In a nondescript game between two bad teams on a Monday night, rookie goaltender Garret Sparks provided the kind of magical and enduring memory that keeps us coming back to watch sports.
It started out as a game pitting the third-worst and the worst teams in the NHL with the only serious ramifications being which team would fall further down the standings and further up the Auston Matthews Sweepstakes. And, for the most part, they delivered, playing a plodding game that was devoid of entertainment value or much compelling action.
But sometimes, on those all too rare occasions, the hockey gods deliver something so touching, so beautiful and so memorable that it wipes all those negatives out and provides us with a wonderful enduring memory. And that happened after the game was over and the three stars had been handed out in the Toronto Maple Leafs 3-0 victory over the Edmonton Oilers.
In an interview with in-arena host Lauren Howe after the game, Howe pointed out to goalie Garret Sparks that he was the first goalie in Maple Leafs history to pitch a shutout in his NHL debut. Sparks responded by lowering his head and crying. All he could muster was, “Thank you. Thank you,” before heading off to the dressing room. In a season that has been full of much of the pain Leafs coach Mike Babcock predicted when he was hired in Toronto, Sparks provided the most prominent feel-good moment so far.
Sparks’ journey from the ECHL and his odyssey to the NHL had been pretty well documented before his first NHL start Monday night, but his reaction to it was epic, one of those all-time great moments. In stopping all 24 Oiler shots, Sparks became just the 25th goaltender in league history to record a shutout in his career debut, according to the Elias Sports Bureau. And while he was sharp in the win, he did have some help from a hapless Oilers team that seemed to play with almost no urgency. Only nine times since the league began tracking shots on goal has a goaltender recorded a shutout in his NHL debut and faced fewer shots than Sparks did. The Oilers had only two shots in the first 10 minutes of the game.
But full credit to Sparks, who never seemed to get ahead of himself and looked poised and controlled on every opportunity the Oilers had. Like his goaltending pals Scott Darling of the Chicago Blackhawks and Mike Condon of the Montreal Canadiens, Sparks was presented with an opportunity and made the most of it. What happens now is anyone’s guess. Leafs coach Mike Babcock said Sparks would get the start Wednesday night in Winnipeg, but only if James Reimer can’t play. Reimer, who is from Winnipeg, has earned that start in Babcock’s eyes regardless of what Sparks did in his first game.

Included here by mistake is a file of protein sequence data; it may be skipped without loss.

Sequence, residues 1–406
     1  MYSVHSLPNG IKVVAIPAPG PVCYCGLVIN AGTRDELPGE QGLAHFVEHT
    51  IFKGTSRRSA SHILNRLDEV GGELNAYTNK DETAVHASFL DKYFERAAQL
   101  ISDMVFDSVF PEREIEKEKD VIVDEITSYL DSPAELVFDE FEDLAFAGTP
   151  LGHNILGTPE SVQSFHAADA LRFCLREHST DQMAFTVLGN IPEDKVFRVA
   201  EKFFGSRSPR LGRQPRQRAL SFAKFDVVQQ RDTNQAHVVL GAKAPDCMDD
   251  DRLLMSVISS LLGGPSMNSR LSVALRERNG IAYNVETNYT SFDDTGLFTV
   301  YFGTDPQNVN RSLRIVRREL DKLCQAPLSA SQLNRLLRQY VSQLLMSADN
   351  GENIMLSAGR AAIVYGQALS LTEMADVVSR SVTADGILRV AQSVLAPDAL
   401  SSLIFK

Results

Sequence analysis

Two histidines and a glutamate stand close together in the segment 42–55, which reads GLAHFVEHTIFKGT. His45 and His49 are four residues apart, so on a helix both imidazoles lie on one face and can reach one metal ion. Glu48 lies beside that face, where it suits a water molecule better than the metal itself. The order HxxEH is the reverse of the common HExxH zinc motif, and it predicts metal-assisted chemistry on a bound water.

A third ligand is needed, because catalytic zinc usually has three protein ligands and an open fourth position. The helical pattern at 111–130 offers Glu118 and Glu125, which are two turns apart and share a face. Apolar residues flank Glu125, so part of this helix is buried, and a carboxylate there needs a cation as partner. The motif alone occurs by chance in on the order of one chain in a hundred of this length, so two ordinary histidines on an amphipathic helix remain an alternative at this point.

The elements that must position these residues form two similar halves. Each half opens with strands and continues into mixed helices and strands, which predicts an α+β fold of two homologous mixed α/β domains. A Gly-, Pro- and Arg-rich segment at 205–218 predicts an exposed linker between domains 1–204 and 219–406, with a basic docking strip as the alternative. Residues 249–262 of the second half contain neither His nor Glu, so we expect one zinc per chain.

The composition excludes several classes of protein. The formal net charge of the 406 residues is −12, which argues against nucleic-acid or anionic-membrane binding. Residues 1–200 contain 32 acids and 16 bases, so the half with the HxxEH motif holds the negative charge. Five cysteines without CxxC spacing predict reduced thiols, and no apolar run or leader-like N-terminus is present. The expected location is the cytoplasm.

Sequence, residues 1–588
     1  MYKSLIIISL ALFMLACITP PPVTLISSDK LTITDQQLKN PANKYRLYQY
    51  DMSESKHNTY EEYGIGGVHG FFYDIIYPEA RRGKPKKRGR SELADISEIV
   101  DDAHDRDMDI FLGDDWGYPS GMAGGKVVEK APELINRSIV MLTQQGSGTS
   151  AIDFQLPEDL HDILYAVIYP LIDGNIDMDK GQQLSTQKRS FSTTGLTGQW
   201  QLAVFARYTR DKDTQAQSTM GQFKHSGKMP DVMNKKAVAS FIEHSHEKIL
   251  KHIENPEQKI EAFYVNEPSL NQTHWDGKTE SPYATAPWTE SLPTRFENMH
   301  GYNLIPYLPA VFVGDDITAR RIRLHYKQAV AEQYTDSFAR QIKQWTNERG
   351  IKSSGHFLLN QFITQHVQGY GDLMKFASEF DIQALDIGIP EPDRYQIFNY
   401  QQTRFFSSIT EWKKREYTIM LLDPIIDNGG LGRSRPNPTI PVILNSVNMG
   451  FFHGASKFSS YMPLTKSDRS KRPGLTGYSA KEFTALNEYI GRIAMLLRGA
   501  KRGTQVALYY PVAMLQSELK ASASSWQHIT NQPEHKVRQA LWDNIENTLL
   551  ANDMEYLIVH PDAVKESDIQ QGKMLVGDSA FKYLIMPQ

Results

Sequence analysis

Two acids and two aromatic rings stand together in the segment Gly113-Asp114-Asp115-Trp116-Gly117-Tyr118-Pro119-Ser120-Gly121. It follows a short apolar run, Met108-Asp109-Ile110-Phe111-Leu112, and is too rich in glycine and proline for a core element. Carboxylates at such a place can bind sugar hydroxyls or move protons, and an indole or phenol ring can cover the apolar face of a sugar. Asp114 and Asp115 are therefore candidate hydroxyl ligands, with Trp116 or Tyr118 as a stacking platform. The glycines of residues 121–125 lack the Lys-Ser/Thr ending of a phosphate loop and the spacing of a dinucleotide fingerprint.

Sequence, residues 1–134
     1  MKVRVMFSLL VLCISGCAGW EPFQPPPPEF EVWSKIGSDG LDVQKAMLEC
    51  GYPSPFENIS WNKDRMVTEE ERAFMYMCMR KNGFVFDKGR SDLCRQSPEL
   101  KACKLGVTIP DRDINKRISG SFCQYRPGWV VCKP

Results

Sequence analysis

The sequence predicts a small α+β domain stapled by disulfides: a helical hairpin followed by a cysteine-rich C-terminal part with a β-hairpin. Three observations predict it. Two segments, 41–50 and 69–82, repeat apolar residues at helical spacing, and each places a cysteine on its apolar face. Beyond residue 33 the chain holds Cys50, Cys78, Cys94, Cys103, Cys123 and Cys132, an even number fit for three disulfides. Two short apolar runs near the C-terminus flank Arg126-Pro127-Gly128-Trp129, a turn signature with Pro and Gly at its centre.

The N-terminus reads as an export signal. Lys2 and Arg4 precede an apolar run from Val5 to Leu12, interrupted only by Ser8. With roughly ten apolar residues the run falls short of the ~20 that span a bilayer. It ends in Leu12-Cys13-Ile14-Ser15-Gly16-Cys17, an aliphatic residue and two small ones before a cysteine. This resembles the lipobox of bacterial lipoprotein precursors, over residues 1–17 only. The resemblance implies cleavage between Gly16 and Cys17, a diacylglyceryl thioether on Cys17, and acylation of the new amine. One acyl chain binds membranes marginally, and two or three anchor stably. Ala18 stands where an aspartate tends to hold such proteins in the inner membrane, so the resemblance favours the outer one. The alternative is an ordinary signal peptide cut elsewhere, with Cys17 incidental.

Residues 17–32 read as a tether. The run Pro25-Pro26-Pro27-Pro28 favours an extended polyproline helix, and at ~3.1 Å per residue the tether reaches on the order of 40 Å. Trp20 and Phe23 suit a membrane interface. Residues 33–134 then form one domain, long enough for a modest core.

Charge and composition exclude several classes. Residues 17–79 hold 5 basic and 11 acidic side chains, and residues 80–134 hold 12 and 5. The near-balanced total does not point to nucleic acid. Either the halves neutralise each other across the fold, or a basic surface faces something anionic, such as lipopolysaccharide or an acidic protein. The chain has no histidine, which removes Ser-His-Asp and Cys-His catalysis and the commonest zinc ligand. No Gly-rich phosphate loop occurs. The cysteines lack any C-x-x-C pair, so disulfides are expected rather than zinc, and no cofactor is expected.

A slightly more composed Sparks spoke after the game and stopped mid-sentence a couple of times to apologize for not having more to say. When asked what it felt like to be the first goaltender in Maple Leafs history to earn a shutout in his Maple Leafs debut, he said, “I don’t know. They’ve ben playing hockey here for a long time, so I think that’s pretty cool.”
It was when he talked about his parents, Mike and Lisa, who flew in from Chicago for the game that Sparks was most emotional and eloquent. “We had to make a lot of sacrifices just to get me through minor hockey and there’s been bumps and bruises along the way,” Sparks said. “I’ll never be able to repay them no matter how much I end up making in this game. I owe everything to them.”
According to Babcock, he also owes his goalposts a few kudos. There were a couple that went off the iron, prompting Babcock to acknowledge that Sparks, “had a bit of pixie dust to him,” in the game, but also commented that Sparks looked every bit his 6-foot-3 size in the net and remarked on the swagger he displayed.
The Oilers did their part as well, turning in a rather putrid effort. For a team so young and seemingly so desperate to prove itself, it’s hard to fathom how it could play with such little sense of urgency. Conventional wisdom would dictate that if there’s a goalie who hasn’t played in the NHL before in the net, you try to get to the scoring areas and test him early. But the Oilers looked entirely disengaged for the first half of the first period and generated just two shots on goal.
“It allowed me to soak it in and not have to do anything too challenging right off the bat,” Sparks said.
But the story of Garret Sparks’ first game in the NHL was not about that. From now until eternity, no matter what he accomplishes or fails to accomplish in the game, the record will always show that he started his NHL career with a shutout. And those who got to see it will always remember his reaction afterward.
After all, it’s that kind of stuff that compels us to watch the games in the first place.